Every time I visit the United States, I find without fail that the public’s awareness of the Middle East always reflects a pattern that has two dimensions. The majority that does not follow events in the region invariably expresses those images that it absorbs from the mass media’s simplistic coverage of events, usually with phrases like, “are they ever going to solve the problems over there?”, or, “are things any quieter now over there?” — to which the easiest reply is, “oh, not really, but we hope for the best.”
Those Americans who do follow events in the Middle East, however, tend to focus on only one issue at a time, perhaps because it is easier to see our region in terms of single issues that are isolated in time and political context, rather than view the complexities and nuances of our region as they really are: interconnected, fluid, and mostly negotiable, among a range of actors and situations such as Egypt, Iran, Saudi Arabia, Turkey, the March 14 and March 8 alliances in Lebanon, the warring sides in Syria, Iraq’s fragile condition, and domestic American politics in the run-up to President Barack Obama’s visit to the Middle East this month.
At the start of my current trip in the United States, the single question that dominates Mideast-watchers here in the New World is what to do about Syria, and whether or not the United States should provide military assistance to the opposition groups fighting to topple the regime of President Bashar Assad. The issue is more topical with the current trip in the Middle East of the new Secretary of State, John Kerrey, who has met with the head of the main political opposition group in Syria, the Syrian National Coalition. He also announced another $60 million in non-lethal assistance to help the opposition improve its service delivery to citizens in liberated areas.
The big question people here ask is whether the United States should provide military aid to help the Syrian rebels improve their chances of defeating and overthrowing the Assad family regime. The hesitance of the Obama administration to do this (beyond the military training that is widely assumed to be underway in Jordan) is a classic example of why American foreign policy in the Middle East is so erratic, often leading to the growth of groups that feed off anti-American sentiments.
The United States is reluctant to offer direct military aid to the rebels because it fears that weapons might fall into the hands of groups that the U.S. does not like, especially Islamist groups like the Nusra Front or smaller militant groups with alleged affinities to Al-Qaeda, that have grown rapidly in the past year and now spearhead military advances in some parts of the country. Presumably this is because the United States does not want to arm Islamist or other unfriendly groups who could in future agitate against the U.S. or its allies in the region, like Israel, Saudi Arabia or Jordan.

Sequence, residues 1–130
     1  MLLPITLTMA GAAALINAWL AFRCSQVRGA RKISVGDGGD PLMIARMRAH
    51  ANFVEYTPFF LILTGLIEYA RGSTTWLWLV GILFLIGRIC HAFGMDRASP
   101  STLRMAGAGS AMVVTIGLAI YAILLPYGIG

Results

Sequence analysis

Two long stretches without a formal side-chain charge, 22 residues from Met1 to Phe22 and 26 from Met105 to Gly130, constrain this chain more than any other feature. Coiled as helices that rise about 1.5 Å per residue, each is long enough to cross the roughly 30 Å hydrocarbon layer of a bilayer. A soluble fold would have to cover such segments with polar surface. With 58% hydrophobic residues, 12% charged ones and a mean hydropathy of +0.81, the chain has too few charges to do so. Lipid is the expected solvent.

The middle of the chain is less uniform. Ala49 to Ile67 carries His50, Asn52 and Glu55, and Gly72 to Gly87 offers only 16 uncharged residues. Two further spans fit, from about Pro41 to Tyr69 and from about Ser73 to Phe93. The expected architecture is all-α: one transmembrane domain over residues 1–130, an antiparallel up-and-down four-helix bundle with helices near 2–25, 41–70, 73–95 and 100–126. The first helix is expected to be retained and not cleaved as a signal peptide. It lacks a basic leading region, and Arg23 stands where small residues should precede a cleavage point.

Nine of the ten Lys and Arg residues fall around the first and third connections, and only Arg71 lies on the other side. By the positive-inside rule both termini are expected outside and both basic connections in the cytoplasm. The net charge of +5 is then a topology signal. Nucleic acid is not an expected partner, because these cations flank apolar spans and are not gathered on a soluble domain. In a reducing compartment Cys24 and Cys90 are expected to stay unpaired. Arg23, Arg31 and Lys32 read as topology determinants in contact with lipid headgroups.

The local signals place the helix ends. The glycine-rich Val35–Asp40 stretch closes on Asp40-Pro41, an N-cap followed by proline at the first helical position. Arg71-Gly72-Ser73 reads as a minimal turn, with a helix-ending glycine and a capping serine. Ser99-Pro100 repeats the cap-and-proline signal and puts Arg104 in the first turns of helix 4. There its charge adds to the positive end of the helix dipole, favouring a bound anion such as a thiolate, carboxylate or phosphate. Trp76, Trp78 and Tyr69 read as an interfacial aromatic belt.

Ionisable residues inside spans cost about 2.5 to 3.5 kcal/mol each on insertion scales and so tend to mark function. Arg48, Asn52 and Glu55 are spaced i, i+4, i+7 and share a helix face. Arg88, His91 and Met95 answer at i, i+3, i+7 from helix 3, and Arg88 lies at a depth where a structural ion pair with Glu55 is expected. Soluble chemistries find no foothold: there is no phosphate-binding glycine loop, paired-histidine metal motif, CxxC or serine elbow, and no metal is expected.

That sounds like a reasonable policy, but in reality it is a total failure. In fact it brings about precisely that outcome that Washington says it wishes to avoid — the rise to prominence, or even dominance, of those Islamist groups the United States dislikes. So as the U.S. speaks boldly about bringing down the Assad regime, but does little on the critical military front to help bring that about, the Islamist and other rebel groups whom the United States dislikes are receiving plenty of arms and making sustained gains in the two areas that really matter: militarily, and in terms of winning the confidence of ordinary people across the land, which enhances the likelihood that these groups will dominate the post-Assad system of power.
The wiser policy for the United States and other foreign countries that oppose the Assad regime is simply to provide plenty of arms and other military assistance (like satellite intelligence) to those groups it is already dealing with, such as the coalition, the Syrian National Council or the Free Syrian Army. If some weapons slip through to other groups, so be it — because withholding U.S. arms is not slowing down the acquisition of weapons by the Islamist and other groups the United States dislikes. American aid to the mainstream rebels will enhance the likelihood of these groups dominating the post-Assad governance system, and of cordial ties between the U.S. and the new government that will arise in Damascus.
American officials naively withhold arms and criticize rising Syrian Islamists, and expect everything to work out for the best in the end, while in reality Washington may wake up to a situation in a post-Assad Syria in which it is ignored, criticized and marginalized for not helping the rebels when they urgently needed military help, and Islamists and other “bad guys” in American eyes dominate the government. It is hard to think of a more simplistic, ineffective and counter-productive policy on Syria than the policy the United States is now pursuing.
Rami G. Khouri is Editor-at-large of The Daily Star, and Director of the Issam Fares Institute for Public Policy and International Affairs at the American University of Beirut, in Beirut, Lebanon. You can follow him @ramikhouri.
Copyright © 2013 Rami G. Khouri — distributed by Agence Global